Crankin2010-05-02 14:22:38 +0000 #6
Oakleaf, I can assure you that the cadence I am talking about is above 105. Such poor form, that it was unbelievable. And, there are some participants who think that this means you are tough, when your a$$ is bouncing all over the saddle. And the push ups? Oy, that is the dumbest thing I've ever seen. Same with the jumps and hovers. At one point I started doing long seated climbs when I had an instructor who was doing continual series of those. After awhile, I noticed that just about all of the outdoor cyclists were doing what I was doing.

This was one of things that made me decide to save 1200 dollars a year by quitting my gym membership, for the first time since 1980. I do stuff outside all year round and I have weights, resistance bands, and a ball at home. I put my bike on the trainer from December-February and I probably am going to get an elliptical, too. Sure, there's more socialization at the gym, but mostly I found myself talking to everyone less and less. At some point, when I finish my degree, I will rejoin somewhere, but it probably will be a place where I can just do weights, etc.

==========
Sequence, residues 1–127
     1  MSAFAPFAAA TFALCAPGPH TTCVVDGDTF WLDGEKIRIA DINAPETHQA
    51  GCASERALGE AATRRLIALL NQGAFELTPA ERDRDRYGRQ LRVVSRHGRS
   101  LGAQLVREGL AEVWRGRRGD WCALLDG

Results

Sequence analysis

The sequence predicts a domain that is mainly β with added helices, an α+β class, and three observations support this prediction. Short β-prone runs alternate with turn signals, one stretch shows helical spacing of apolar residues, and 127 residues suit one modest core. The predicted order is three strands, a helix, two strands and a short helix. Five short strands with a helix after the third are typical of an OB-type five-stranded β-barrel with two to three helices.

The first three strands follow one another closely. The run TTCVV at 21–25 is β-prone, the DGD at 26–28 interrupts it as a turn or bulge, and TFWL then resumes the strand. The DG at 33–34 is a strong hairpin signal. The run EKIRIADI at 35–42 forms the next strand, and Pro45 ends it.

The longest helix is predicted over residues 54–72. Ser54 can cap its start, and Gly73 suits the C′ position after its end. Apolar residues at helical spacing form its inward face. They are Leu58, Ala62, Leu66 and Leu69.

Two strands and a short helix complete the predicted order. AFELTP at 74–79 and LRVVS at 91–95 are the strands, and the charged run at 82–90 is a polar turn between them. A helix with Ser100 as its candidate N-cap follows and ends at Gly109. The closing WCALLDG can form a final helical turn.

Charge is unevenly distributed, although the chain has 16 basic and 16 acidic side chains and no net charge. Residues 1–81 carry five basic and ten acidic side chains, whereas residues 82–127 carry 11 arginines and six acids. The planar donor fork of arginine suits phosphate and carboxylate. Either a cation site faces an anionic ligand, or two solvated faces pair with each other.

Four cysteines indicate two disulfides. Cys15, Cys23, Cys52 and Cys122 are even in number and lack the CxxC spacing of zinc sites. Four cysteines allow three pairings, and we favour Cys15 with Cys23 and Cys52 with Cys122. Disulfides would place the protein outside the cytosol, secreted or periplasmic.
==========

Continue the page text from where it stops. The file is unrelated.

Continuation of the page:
Miranda2010-05-02 16:00:23 +0000 #7
I teach Spinning at my gym. For pedaling outside, I'm primarily a roadie, and mtb some. Plus, weights inside, and some outdoor winter stuff (xc ski).

Thx for posting this thread .

As an instructor, I am always looking for ways to improve myself, and my class, for those I teach.

Interesting thoughts... going to keep just reading for the time being.